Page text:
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WHITE GINGER
by Thatcher Robinson
Seventh Street Books, October 2013
293 pages
$15.95
ISBN: 1616148179


Buy in the UK | Buy in Canada

In this engaging new series, the focus is on Bai Jiang, single mother and souxon (or "people finder") whose deadly skills are called into question by her own Buddhist beliefs. When a young girl goes missing in San Francisco's Chinatown, Jiang is convinced to search for her despite the lack of interest on the part of her own family, it appears. The trail soon leads to gang activity (triads), sex trafficking, even murder.

In the process of finding the girl, however, it soon becomes apparent that Jiang will need some help. She calls upon her trusted friend Lee, who often helps save Bai from her own impulsive actions, as well as

her daughter's father, Jason, a gang kingpin with connections that can help Bai make her way through the criminal underworld.

There's just one problem. Her relationship with Jason is complicated. As much as she tries to separate herself from his criminal enterprise, he is still the love of Bai's life. Complicating the search for the missing girl is also a family crisis: a confrontation between her daughter and some classmates at her private school.

When Jiang follows the lead on the missing girl to Canada, it soon becomes apparent that Bai Jiang's own life appears to be in danger. Just who is trying to kill her and why? Is it related to the girl or to a different matter altogether? What's the story behind the new security help she's hired to protect her daughter? It becomes increasingly clear that things are far more complex than it first seemed.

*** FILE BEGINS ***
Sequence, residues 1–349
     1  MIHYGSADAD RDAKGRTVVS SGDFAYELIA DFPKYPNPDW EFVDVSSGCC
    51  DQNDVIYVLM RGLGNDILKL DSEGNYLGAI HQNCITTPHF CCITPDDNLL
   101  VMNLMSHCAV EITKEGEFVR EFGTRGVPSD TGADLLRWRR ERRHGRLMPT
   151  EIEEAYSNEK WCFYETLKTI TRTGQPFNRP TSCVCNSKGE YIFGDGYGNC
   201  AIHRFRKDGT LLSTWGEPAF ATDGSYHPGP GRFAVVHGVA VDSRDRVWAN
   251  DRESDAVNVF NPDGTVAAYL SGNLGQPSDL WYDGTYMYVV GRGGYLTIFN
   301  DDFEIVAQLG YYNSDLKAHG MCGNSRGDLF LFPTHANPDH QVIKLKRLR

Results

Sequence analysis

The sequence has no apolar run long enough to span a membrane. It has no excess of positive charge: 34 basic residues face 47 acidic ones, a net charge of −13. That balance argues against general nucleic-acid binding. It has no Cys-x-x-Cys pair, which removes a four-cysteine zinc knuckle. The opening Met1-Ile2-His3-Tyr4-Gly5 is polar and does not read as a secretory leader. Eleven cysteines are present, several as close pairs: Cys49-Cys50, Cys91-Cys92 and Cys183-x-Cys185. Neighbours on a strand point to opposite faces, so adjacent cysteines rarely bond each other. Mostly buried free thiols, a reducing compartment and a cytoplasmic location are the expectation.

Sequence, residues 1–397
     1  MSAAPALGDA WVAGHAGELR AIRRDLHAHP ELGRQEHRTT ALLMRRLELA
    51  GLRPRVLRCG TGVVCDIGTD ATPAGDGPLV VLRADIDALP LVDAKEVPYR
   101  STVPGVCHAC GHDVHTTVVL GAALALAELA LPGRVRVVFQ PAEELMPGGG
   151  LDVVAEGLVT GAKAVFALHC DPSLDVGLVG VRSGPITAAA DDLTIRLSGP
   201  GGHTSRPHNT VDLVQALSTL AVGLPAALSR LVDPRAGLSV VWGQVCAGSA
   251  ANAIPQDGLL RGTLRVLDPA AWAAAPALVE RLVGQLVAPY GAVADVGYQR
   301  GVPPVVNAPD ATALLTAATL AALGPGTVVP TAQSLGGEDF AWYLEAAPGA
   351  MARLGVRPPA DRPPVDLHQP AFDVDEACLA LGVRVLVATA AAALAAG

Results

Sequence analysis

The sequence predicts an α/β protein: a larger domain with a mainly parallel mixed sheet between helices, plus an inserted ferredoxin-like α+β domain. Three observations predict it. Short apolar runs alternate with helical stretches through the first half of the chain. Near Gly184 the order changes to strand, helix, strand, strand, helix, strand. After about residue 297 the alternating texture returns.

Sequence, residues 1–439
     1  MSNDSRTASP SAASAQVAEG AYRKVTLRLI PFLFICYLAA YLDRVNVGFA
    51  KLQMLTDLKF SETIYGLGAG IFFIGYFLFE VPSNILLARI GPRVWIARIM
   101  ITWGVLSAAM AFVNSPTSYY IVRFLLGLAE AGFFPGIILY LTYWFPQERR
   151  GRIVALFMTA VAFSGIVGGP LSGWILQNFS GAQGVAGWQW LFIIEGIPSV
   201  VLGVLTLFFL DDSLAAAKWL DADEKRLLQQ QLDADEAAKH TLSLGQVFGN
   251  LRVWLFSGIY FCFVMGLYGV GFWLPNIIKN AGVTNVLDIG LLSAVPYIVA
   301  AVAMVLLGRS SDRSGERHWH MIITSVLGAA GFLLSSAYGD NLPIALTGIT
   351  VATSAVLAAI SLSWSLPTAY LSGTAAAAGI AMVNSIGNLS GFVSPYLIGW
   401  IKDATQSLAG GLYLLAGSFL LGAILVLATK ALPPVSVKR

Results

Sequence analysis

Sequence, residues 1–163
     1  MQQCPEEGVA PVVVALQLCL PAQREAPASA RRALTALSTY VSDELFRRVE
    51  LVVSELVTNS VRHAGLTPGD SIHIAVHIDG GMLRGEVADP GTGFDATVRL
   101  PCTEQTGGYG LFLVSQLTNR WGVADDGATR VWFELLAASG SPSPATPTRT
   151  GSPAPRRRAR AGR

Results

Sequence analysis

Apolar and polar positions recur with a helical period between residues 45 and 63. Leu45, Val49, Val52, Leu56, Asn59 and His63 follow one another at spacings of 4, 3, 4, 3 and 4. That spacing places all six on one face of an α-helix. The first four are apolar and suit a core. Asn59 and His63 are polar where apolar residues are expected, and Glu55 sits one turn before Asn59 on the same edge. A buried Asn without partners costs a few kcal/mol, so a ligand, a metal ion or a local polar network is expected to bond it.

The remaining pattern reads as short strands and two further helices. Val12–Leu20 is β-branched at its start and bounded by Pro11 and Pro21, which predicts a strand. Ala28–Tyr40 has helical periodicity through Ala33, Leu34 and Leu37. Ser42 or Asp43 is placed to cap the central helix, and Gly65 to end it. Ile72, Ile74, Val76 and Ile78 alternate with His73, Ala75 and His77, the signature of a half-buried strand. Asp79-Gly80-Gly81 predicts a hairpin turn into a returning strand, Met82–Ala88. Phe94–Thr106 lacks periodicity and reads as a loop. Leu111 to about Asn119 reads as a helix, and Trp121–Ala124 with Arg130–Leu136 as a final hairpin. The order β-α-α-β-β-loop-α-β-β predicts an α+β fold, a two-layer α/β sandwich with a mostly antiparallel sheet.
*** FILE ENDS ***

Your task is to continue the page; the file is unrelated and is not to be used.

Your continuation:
Thatcher Robinson knows how to apply ancient wisdom to a very modern setting and ends up with a delightful new series that readers will want to read more of. A signature touch of the book is that each chapter is headed by an entertaining Chinese proverb that fits with the theme of the action therein.

Readers will also enjoy the dark humor that seasons this novel. Robinson has created a compelling new detective in the character of Bai Jiang - a strong, if complicated, female lead.

Christine Zibas is a freelance writer and former director of publications for a Chicago nonprofit.

Reviewed by Christine Zibas, October 2013

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Contact: Yvonne Klein (ymk@reviewingtheevidence.com)


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